As I’ve gotten deeper and deeper into my journey into exploring the Rochester food scene, I have become familiar and enthusiastic about a few cuisines that I didn’t know much about beforehand. I’ve become a fan of Puerto Rican, Dominican, Jamaican, and Korean foods among others and have made an effort to travel to the varying neighborhoods around the city to experience as much as possible. Located in the South Wedge neighborhood on Gregory Street just off the beaten path, Peppa Pot is dishing out the only Jamaican food in the direct area and some well worth checking out.
My first experience with their cuisine was the the Foodlink Festival of Food last year when I tried their sorrel drink which was one of the standouts of the evening. Sweet and floral with a strong kick of ginger, the Kool Aid like appearance belies the depth of flavor that it offers and it made a lasting impression on me. I had that in mind when we stopped in to the restaurant to grab some of their food and of course some more of that delicious sorrel.
We were warmly greeted by the owner/head chef there and, although the selection was a bit limited since it was late in the day and they are a popular lunch spot, we ended up ordering what we came for in the jerk chicken and the curry goat. I consider these to be two of the greatest hits of Jamaican food (at least from what I understand) and was happy to see that they were both available for us to try.
Jerk chicken is the most well known Jamaican dish and one I’ve tried more than any other. Peppa Pot’s version was rock solid; tender with slight char around the edges and not shy about the seasoning and spice which was pleasant. Thankfully the sauce was well balanced between sweet, salt and spice unlike many others that unfortunately hit only sweet notes. Really enjoyed sweating the heat on the healthy portions of jerk. Still slightly crunchy cabbage and mixed veggies came with the chicken and was a nice textural accompaniment.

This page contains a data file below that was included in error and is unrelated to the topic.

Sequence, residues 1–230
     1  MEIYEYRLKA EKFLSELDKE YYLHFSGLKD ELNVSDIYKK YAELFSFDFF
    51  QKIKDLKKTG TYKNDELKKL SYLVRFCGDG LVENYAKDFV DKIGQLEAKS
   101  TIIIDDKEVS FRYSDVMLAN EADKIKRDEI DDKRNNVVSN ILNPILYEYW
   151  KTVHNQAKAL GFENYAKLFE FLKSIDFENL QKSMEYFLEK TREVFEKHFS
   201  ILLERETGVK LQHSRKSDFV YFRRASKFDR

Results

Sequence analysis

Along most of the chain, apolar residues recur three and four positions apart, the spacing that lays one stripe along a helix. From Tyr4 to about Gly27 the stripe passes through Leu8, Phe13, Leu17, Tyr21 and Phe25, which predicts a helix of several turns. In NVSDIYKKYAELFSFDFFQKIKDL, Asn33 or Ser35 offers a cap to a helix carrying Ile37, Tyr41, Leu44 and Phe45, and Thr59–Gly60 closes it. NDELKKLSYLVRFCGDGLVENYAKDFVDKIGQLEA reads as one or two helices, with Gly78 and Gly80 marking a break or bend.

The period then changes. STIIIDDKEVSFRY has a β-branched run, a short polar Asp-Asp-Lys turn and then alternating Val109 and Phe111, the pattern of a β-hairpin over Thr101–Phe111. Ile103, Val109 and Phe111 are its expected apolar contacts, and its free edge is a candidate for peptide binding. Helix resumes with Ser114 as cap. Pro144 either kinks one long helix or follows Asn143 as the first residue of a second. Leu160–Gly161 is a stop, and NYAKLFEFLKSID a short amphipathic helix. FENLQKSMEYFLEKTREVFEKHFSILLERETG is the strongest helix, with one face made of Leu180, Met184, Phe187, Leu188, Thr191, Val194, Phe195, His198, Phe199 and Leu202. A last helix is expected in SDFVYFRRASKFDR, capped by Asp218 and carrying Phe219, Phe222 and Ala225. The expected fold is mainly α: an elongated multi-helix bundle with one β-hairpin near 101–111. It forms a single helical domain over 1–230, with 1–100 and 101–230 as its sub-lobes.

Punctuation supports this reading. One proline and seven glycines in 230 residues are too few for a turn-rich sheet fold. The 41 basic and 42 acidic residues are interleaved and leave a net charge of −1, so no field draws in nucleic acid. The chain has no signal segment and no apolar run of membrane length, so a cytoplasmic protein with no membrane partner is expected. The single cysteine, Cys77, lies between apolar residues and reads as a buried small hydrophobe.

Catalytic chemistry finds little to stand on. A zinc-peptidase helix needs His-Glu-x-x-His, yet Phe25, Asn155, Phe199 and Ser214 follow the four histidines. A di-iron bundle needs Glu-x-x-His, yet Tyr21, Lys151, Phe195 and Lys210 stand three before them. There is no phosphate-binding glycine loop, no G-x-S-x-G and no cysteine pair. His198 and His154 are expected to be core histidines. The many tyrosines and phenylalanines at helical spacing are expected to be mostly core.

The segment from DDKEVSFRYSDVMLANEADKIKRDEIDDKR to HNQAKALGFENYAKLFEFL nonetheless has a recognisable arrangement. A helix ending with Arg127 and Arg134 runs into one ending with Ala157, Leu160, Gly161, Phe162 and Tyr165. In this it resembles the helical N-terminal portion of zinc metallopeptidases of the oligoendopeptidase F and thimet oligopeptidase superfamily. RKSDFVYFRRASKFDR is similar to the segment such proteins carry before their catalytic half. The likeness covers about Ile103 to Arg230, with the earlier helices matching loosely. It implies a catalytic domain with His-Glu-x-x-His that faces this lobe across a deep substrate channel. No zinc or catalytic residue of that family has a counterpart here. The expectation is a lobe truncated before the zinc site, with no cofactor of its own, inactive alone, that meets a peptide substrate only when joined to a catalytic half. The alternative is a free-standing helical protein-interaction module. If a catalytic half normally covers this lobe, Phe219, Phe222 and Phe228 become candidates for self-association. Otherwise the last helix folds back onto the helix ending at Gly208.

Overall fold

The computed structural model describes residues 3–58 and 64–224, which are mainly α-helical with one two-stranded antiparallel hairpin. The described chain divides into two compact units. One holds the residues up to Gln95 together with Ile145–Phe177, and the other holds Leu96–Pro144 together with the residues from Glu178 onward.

Since we neglected to mention we were eating in, we got our curry goat in a large to go container along with a hefty serving of rice and peas, some of the same cabbage and a few plantains. Curry goat is typically cooked using chopped goat meat with lots of small bones to be eaten around and this was no exception. We both enjoyed the tenderness of the meat and the base curry flavor, but I would have liked to have gotten a heat kick like I did from the jerk chicken. On the other hand, my dining partner appreciated the lack of heat so I’ll chalk that up to personal taste instead of something worth complaining about. Rice and peas were basic and a good vessel to grab onto the sauce but not something I would want to eat on it’s own.
We pounded one of their sorrel drinks during our meal and it was every bit as good as I remembered. If for no other reason than to try this concoction, make a trip out to Peppa Pot in the South Wedge. You’ll be happy you made the turn off of South Ave and checked out some island cuisine!
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